At the end of 2019, many investors’ retirement accounts were at an all-time high, unemployment was at an all-time low, and Congress just passed legislation to encourage businesses to sponsor retirement plans and workers to save for retirement. That legislation, the Setting Every Community Up for Retirement Enhancement Act of 2019 (the SECURE Act), increased the starting age for required minimum distributions (RMDs), effective in 2020. Then, just three months later, a global pandemic has caused markets to drop, many businesses to temporarily close, and unemployment to soar to record high levels. In response, Congress passed a trio of legislative relief packages. Provisions affecting retirement plans are included in the Coronavirus Aid, Relief and Economic Security Act (the CARES Act). In addition to providing funds directly to businesses and individuals, the CARES Act waives RMDs in 2020.
With the RMD rules changed by the SECURE Act and CARES Act, in rapid succession, with immediate effective dates, it can be confusing as to who must take an RMD and when. This blog reviews the RMD changes effective in 2020.
Before the SECURE Act, IRA owners had to begin taking RMDs from their traditional, SEP and SIMPLE IRAs for the year they attained age 70½. The deadline for taking the first distribution was April 1 of the year following the year they turned 70½. Each year after the 70½ year, an RMD must be taken by December 31. This means two RMDs were required in the IRA owner’s second RMD year if the first RMD was delayed until April 1.
The SECURE Act increased the starting age for RMDs to 72. The deadline for taking the first distribution is April 1 of the year following the year the IRA owner turns 72. (All other RMD rules remain the same.) This change is effective beginning in 2020 for those who had not reached age 70½ by December 31, 2019. Those who had reached age 70½ or older by December 31, 2019, must follow the prior rules and start RMDs at age 70½.
Under the SECURE Act, IRA owners who would have an RMD due in 2020 (if not for the CARES Act) included those who
• Turned 70½ or older in 2018 because they already started RMDs before 2020 and must continue taking RMDs annually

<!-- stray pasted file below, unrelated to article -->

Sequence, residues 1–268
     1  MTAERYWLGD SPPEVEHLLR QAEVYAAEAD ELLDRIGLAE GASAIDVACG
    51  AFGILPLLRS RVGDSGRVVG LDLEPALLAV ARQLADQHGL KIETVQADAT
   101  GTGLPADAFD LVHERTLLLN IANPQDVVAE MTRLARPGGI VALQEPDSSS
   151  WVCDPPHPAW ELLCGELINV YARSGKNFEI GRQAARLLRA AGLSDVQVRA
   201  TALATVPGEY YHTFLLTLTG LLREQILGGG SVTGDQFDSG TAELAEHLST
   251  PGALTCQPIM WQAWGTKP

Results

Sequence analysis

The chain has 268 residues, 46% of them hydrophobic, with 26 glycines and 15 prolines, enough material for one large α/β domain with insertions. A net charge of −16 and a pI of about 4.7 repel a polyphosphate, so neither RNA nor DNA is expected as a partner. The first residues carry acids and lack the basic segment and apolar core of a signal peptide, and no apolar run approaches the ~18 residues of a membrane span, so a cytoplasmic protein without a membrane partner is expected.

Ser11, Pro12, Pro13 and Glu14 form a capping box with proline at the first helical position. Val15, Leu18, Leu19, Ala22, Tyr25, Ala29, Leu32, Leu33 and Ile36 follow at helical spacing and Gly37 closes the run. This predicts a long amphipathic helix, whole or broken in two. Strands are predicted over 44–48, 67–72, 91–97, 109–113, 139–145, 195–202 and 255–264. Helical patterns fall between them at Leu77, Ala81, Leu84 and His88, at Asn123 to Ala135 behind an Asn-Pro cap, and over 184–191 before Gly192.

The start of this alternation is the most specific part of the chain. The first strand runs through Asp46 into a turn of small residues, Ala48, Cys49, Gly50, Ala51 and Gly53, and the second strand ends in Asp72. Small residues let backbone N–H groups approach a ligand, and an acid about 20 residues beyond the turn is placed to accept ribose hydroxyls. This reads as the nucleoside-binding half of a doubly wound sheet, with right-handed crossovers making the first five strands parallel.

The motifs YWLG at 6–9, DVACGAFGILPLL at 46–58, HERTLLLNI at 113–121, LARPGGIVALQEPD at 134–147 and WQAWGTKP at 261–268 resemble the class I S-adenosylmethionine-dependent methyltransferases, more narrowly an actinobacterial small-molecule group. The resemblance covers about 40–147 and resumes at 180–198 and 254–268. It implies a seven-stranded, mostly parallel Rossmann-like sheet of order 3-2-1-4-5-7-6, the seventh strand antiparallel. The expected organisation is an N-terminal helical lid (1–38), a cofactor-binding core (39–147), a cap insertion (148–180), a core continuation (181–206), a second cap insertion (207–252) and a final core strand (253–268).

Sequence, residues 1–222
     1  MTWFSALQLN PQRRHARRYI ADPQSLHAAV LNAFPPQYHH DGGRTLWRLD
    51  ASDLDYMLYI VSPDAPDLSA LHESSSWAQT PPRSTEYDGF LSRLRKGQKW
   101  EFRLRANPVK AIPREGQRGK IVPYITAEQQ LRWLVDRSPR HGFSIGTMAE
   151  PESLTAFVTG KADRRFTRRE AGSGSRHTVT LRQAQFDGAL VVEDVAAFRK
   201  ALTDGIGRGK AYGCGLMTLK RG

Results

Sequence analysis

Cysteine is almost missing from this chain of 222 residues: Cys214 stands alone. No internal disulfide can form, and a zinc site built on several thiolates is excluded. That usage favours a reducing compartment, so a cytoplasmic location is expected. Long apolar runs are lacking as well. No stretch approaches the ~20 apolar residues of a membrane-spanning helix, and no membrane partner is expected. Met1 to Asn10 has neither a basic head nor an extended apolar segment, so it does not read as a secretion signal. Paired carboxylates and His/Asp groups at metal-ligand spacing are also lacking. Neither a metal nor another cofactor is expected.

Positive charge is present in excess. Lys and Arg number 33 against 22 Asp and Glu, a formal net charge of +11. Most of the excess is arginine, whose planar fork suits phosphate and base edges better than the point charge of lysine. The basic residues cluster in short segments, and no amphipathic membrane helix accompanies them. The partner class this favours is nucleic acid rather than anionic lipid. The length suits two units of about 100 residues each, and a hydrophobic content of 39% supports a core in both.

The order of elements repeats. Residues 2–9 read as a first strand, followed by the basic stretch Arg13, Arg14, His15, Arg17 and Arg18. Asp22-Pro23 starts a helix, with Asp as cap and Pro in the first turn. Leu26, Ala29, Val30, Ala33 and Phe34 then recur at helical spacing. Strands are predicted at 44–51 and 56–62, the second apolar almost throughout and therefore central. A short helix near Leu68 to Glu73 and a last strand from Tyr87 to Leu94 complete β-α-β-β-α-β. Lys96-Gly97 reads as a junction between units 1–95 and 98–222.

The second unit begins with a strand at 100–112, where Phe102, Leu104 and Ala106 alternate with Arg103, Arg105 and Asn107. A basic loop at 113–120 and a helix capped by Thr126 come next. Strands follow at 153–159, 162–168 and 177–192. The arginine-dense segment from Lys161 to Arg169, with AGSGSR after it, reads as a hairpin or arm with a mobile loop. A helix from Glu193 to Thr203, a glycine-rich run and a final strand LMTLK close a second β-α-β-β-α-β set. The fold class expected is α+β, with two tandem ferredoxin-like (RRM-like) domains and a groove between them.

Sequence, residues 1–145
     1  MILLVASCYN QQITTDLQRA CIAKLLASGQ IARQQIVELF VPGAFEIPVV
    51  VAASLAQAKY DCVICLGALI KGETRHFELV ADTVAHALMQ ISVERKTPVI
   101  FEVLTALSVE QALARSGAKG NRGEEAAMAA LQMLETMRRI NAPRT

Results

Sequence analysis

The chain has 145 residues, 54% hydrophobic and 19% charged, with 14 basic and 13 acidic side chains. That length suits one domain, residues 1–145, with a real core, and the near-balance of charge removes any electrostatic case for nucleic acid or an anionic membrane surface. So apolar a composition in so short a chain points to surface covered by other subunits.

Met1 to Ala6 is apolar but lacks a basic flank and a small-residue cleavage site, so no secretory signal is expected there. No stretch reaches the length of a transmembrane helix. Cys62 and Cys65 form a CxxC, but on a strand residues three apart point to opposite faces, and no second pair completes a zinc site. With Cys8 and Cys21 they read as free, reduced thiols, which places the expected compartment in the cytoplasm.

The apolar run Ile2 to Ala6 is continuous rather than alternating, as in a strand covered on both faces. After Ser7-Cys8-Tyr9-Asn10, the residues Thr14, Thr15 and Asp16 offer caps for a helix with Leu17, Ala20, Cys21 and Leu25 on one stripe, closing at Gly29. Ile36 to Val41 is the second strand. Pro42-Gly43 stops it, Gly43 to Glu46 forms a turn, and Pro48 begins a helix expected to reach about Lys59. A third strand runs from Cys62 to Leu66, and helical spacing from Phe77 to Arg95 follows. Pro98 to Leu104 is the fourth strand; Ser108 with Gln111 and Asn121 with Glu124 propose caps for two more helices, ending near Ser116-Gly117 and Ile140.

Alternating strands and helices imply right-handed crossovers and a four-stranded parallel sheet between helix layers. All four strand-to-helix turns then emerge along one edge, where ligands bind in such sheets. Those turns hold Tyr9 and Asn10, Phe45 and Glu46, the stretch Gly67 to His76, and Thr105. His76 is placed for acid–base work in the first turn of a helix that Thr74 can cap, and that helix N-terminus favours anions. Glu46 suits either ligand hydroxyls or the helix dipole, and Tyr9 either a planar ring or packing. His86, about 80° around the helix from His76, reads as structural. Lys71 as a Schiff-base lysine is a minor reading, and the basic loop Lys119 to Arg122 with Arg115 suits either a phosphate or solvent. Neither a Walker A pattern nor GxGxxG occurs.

• Turned 70½ in 2019 and did not take their first RMD in 2019 because they could delay the distribution until April 1, 2020 (these IRA owners also had a 2020 RMD due by December 31, 2020)
The SECURE Act also changed the beneficiary payment options to eliminate the five-year rule and the life expectancy payment option for most non-spouse beneficiaries, effective for deaths occurring on or after January 1, 2020. Under the new rules, the only payment option for these beneficiaries is to deplete the IRA by the end of the 10th year following the year of death. “Eligible designated beneficiaries” and beneficiaries who inherited IRAs in 2019 or earlier may take beneficiary distributions under the rules in effect before the SECURE Act. (See our blog SECURE ACT SERIES: Big Changes for Beneficiaries May Affect Your Financial or Estate Plan for more information.)
The coronavirus pandemic has caused an economic as well as a healthcare crisis. The stock market has dropped significantly since the end of 2019. Because RMDs are calculated based on the prior year-end balance, RMDs calculated for 2020 would require a disproportionately large portion of the now lower account balances to be distributed, which would prematurely deplete the account and lock in investment losses. The CARES Act waives RMDs in calendar year 2020 so that IRA owners and beneficiaries are not forced to take distributions from their IRAs, which may give them time to recoup some of the investment losses before RMDs resume in 2021. The 2020 RMD waiver applies to those who:
• Delayed their 2019 RMD until April 1, 2020 – that RMD is not required to be taken
• Have an RMD due by December 31, 2020 – that RMD is not required to be taken
• Use the five-year rule to deplete an Inherited IRA – 2020 is not counted in the five years, essentially providing 6 years to deplete the account (The CARES Act did not address beneficiary distributions under the 10-year rule created by the SECURE Act; future IRS guidance may address this issue.)
If an IRA owner already took an RMD in 2020, they may roll it back into an IRA within 60 days of receiving the distribution. (Future IRS guidance on the RMD waiver could possibly extend the 60-day deadline.)
Anyone who needs to withdraw money from their IRA may do so. Nothing in the CARES Act prohibits distributions. In fact, the CARES Act provides tax relief for certain distributions taken in 2020.
If an IRA owner qualifies to take a coronavirus-related distribution as defined under the CARES Act, the IRA owner may take up to $100,000 from the IRA in 2020 – free from the 10% early distribution tax for those under age 59½. IRA owners may include the distribution amount in their taxable income over three years to spread out the tax liability. IRA owners may also repay the distribution amount to the IRA within three years of the distribution and reclaim any tax paid on the distribution.
To qualify for this tax relief under the CARES Act, an individual must have
• Tested positive for COVID-19
• Had a spouse or a dependent test positive for COVID-19
• Experienced adverse financial consequences as a result of being quarantined, furloughed, laid off, or unable to work due to lack of childcare or reduced work hours as a result of COVID-19
• Closed or reduced the hours of a business due to COVID-19
The RMD waiver and the coronavirus-related distribution relief for 2020 also apply to 401(k) plans, 403(b) plans and governmental 457(b) plans.